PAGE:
News Release

Dragonflies go thirsty in the Mediterranean

02 October 2009
The Banded Darter (Sympetrum pedemontanum) Photo © Fabio Pupin

One fifth of Mediterranean dragonflies and damselflies are threatened with extinction at the regional level as a result of increasing freshwater scarcity, according to the IUCN Red List of Threatened Species™.

Climate change and habitat degradation, due to the way land is managed, are also affecting the insects, says the report.

The assessment of 163 Mediterranean dragonflies and damselflies shows five are Critically Endangered, 13 are Endangered, another 13 are Vulnerable, 27 are Near Threatened, 96 are Least Concern and six are Data Deficient, meaning there is not enough information to classify them, but they might also be threatened.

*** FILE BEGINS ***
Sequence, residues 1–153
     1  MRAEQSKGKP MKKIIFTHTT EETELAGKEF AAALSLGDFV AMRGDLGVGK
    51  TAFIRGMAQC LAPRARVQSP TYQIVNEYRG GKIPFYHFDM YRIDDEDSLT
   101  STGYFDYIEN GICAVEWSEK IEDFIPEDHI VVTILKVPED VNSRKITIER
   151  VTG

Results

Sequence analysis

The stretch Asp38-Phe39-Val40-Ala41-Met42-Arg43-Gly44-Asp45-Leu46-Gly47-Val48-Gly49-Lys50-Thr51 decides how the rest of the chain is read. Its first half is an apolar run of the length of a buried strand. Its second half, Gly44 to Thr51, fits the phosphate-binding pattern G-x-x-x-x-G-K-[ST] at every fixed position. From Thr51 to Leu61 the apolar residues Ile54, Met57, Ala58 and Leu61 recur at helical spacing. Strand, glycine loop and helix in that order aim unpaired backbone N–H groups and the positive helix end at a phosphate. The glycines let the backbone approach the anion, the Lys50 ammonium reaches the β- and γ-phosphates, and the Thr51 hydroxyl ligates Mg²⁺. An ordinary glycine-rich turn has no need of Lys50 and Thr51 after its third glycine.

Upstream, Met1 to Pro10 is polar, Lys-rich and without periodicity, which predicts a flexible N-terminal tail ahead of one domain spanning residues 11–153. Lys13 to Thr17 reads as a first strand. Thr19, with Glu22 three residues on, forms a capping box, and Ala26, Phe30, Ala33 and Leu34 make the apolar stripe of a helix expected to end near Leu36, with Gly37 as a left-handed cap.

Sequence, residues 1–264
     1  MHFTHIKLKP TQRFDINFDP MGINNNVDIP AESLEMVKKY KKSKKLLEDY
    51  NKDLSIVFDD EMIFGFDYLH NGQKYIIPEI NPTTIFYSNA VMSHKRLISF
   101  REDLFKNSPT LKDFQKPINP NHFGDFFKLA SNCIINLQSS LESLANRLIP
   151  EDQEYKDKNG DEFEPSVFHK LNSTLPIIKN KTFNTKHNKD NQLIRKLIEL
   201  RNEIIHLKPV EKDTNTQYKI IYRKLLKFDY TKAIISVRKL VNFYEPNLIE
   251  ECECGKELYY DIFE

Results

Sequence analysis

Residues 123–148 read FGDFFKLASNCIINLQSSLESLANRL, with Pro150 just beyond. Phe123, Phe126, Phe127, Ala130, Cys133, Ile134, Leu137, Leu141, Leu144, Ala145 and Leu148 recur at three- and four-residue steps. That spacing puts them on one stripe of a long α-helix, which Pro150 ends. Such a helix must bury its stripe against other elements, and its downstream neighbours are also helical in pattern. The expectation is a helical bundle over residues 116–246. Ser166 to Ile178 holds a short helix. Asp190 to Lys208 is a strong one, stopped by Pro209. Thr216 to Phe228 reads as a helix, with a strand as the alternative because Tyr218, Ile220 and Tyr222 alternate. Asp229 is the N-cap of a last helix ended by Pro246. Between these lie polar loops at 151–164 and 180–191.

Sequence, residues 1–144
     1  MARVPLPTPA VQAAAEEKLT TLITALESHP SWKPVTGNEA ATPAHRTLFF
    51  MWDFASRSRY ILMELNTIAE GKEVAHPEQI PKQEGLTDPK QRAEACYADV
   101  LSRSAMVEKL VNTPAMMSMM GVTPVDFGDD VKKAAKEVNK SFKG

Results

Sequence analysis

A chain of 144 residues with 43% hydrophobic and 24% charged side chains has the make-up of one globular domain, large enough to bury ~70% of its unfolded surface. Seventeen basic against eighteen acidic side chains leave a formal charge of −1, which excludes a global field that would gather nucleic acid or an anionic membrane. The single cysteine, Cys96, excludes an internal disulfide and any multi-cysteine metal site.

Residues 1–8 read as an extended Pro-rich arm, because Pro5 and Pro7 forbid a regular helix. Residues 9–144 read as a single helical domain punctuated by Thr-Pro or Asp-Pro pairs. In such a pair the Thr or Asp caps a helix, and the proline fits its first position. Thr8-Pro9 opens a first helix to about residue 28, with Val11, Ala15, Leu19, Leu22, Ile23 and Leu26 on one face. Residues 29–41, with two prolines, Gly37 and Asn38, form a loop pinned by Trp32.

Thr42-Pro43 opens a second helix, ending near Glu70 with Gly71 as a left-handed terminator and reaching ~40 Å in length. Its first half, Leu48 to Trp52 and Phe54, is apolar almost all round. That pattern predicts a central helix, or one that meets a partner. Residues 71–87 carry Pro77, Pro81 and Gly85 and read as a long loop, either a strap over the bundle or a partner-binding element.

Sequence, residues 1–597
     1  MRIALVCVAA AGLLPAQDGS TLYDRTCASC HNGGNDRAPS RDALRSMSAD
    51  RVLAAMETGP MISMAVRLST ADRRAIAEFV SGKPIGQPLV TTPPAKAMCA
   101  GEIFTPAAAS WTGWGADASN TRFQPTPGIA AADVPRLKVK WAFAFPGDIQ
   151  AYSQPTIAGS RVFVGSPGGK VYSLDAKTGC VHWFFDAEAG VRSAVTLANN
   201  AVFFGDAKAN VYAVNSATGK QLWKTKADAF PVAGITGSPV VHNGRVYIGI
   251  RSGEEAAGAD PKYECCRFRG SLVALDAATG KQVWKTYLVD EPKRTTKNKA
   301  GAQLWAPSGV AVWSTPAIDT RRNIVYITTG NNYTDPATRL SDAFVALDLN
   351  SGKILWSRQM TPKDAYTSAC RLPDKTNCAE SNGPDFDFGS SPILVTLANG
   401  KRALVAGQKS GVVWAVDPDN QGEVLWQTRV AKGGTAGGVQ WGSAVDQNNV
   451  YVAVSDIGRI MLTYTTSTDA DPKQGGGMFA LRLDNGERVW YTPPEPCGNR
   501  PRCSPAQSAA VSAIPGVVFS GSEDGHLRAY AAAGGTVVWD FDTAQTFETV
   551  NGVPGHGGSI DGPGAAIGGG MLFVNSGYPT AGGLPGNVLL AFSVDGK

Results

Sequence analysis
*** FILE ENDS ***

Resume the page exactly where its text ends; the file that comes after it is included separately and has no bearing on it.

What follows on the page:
“It is likely things will only get worse for these unique species as climate change and increased water demand take their toll,” says Jean Pierre Boudot, member of the IUCN Dragonfly Specialist Group and co-author of the report. “Lower levels of precipitation and drought will lead to degradation of the habitats where the majority of dragonflies and damselflies live.”

Four species are already listed as Extinct in the Mediterranean, including the Little Whisp (Agriocnemis exilis), the Common Pond Damsel (Ceriagrion glabrum), the Phantom Flutterer (Rhyothemis semihyalina) and the Darting Cruiser (Phyllomacromia africana).

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